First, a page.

Germany too dependent on Confucius Institutes, minister warns

In unprecedented comments ahead of federal elections in September, Anja Karliczek applauds university that shuttered its institute

七月 2, 2021
Person standing with a confucius display as a metaphor for Germany too dependent on Confucius Institutes
Source: Getty

A statement from the education and research minister that Germany has “given too much space” to Confucius Institutes has been seen as the latest sign that the country is turning against the Beijing-sponsored centres.

Announcing an extra €5 million (£4.3 million) to bolster German “independent China expertise”, Anja Karliczek said: “I do not want the Chinese government to influence our universities and our society.

“Germany must admit self-critically: in some places in the past, we have given too much space to the Confucius Institutes, for example, and have done too little ourselves to build up independent China expertise in Germany.”

Ms Karliczek applauded a recent decision by Trier University to suspend all activities of its own Confucius Institute and instead forge academic collaborations “based on universal values”.

Trier shuttered its institute after China announced sanctions against a range of European academics and thinktanks in March. Critics said that the sanctions were an attempt to stifle academic scrutiny of the ruling Communist Party.

The minister’s rhetoric was “really tough” and unprecedented, said Peter-André Alt, president of the German Rectors’ Conference.

“We welcome any activities that develop China expertise,” he said. But while a handful of German universities had cut ties, Confucius Institutes in Germany were “much more diverse than we might have expected” and were “very much dependent on the people in charge of them”, he stressed.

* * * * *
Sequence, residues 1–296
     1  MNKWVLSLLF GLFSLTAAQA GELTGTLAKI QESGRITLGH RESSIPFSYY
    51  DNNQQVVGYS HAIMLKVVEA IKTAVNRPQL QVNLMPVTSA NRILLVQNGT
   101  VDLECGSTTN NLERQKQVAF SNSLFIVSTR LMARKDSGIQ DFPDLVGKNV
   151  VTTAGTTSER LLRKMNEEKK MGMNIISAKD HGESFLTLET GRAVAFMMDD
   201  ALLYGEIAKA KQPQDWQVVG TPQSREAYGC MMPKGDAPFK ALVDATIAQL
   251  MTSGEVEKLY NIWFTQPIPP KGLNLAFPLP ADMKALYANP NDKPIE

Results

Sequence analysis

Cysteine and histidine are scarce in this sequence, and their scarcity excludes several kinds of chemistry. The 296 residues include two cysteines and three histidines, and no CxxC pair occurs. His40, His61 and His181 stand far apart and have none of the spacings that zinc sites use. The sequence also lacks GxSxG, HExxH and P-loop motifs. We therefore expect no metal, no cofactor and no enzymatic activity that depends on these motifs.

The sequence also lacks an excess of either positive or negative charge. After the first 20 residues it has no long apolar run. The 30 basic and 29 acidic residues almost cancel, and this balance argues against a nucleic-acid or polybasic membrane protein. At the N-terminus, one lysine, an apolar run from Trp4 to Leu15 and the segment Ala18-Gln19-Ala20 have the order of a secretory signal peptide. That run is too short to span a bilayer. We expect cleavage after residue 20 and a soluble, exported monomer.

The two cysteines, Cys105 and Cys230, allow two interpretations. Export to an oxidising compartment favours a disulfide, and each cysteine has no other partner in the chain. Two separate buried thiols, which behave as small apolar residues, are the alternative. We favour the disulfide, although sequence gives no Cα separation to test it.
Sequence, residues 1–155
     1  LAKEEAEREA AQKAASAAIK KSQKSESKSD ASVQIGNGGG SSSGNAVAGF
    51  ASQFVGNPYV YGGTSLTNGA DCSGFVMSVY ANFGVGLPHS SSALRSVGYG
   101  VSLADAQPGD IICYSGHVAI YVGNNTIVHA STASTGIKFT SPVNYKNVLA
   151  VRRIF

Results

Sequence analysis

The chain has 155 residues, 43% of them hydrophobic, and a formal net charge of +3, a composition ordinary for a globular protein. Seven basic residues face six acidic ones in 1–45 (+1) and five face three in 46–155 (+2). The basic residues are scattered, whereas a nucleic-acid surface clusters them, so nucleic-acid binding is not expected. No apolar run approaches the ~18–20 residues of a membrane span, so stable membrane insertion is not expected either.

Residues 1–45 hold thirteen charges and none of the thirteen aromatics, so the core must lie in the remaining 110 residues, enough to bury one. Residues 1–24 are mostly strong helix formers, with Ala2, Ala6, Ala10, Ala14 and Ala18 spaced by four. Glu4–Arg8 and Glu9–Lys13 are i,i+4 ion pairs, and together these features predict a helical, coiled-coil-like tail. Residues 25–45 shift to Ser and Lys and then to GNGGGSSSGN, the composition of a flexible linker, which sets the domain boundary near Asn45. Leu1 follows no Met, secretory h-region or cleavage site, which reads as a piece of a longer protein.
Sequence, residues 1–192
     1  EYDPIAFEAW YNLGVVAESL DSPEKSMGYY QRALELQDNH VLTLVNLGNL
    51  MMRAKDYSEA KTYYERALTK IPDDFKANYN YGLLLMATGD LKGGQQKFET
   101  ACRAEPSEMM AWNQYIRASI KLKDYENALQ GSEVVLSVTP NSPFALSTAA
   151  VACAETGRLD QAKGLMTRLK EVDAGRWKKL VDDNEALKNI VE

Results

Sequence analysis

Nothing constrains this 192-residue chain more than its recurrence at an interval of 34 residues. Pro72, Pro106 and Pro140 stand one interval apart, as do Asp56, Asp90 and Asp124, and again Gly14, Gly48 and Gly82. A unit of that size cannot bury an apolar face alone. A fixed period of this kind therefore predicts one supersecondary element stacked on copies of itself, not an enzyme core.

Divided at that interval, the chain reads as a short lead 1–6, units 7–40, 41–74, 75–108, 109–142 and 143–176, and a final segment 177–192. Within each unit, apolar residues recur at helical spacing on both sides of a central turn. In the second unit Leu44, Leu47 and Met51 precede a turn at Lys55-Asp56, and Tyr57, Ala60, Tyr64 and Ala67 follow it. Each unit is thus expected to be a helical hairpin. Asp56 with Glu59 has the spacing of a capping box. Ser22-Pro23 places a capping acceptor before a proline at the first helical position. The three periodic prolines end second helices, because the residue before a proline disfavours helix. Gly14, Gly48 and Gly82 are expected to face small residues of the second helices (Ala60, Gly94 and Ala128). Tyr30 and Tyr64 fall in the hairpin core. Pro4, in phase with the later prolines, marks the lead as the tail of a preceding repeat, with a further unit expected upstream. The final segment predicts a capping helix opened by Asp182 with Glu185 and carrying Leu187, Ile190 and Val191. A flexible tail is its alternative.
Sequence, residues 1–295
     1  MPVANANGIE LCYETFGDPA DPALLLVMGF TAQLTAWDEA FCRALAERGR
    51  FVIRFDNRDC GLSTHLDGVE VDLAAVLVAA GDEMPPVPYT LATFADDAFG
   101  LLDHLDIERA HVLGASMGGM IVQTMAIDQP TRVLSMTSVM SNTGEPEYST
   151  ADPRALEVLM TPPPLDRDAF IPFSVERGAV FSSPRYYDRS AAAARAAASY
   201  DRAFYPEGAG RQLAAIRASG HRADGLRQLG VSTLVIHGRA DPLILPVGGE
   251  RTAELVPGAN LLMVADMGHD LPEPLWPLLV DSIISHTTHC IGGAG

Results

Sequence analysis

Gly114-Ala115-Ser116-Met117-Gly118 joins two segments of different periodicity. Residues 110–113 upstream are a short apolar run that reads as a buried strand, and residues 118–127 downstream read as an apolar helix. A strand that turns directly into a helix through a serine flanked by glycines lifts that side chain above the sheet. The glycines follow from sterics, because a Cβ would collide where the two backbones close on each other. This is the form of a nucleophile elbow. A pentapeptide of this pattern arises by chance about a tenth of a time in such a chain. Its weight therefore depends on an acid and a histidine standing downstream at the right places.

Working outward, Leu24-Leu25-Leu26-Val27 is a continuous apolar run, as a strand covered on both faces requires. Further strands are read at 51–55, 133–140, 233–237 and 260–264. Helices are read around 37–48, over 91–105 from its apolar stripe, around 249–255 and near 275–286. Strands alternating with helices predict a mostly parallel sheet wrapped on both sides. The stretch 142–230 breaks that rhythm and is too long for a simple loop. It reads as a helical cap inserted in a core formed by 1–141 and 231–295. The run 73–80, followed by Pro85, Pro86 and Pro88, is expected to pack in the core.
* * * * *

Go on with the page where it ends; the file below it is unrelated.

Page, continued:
“It’s right to say we must be independent,” he said. But it would be wrong to apply “general” advice on how universities, which are themselves autonomous, should deal with their institutes, he cautioned.

Ms Karliczek’s latest intervention echoed concerns in Brussels that the European Union lacked a knowledge base to understand the country it labelled a “systemic rival” for the first time in 2019.

“Issues related to Chinese politics, foreign policy, society and economy are understudied and not mainstreamed,” warned a note circulated among European commissioners last month, Politico reported.

In recent years a drip feed of stories in Germany has raised alarm bells over Chinese influence in German universities. The University of Hamburg cut ties with its Confucius Institute last year over the risk that it could be used as a “propaganda instrument” or steer what academics or students work on.

As Germany heads toward tightly contested federal elections in September, Confucius Institutes have even become a minor election issue, with both the liberal Free Democrats (FDP) and far-right Alternative for Germany pledging to make them “independent”.

The Greens, currently polling in second place after Ms Karliczek’s ruling conservative Union, are seen as taking a more hawkish approach towards China because of human rights violations.

“There will be a much stronger position towards China after the election,” Professor Alt predicted. The minister’s comments could be seen as “part of the campaign”.

The FDP in particular has urged the federal government to investigate suspected influence over German universities by the institutes, said Barbara Pongratz, an analyst at the Berlin-based Mercator Institute for China Studies.

Whether the election led to a shift away from the institutes in Germany depended on coalition negotiations, and education is a federal policy, she stressed.

But the minister’s intervention was nonetheless “a sign of a broad shift”, she said.



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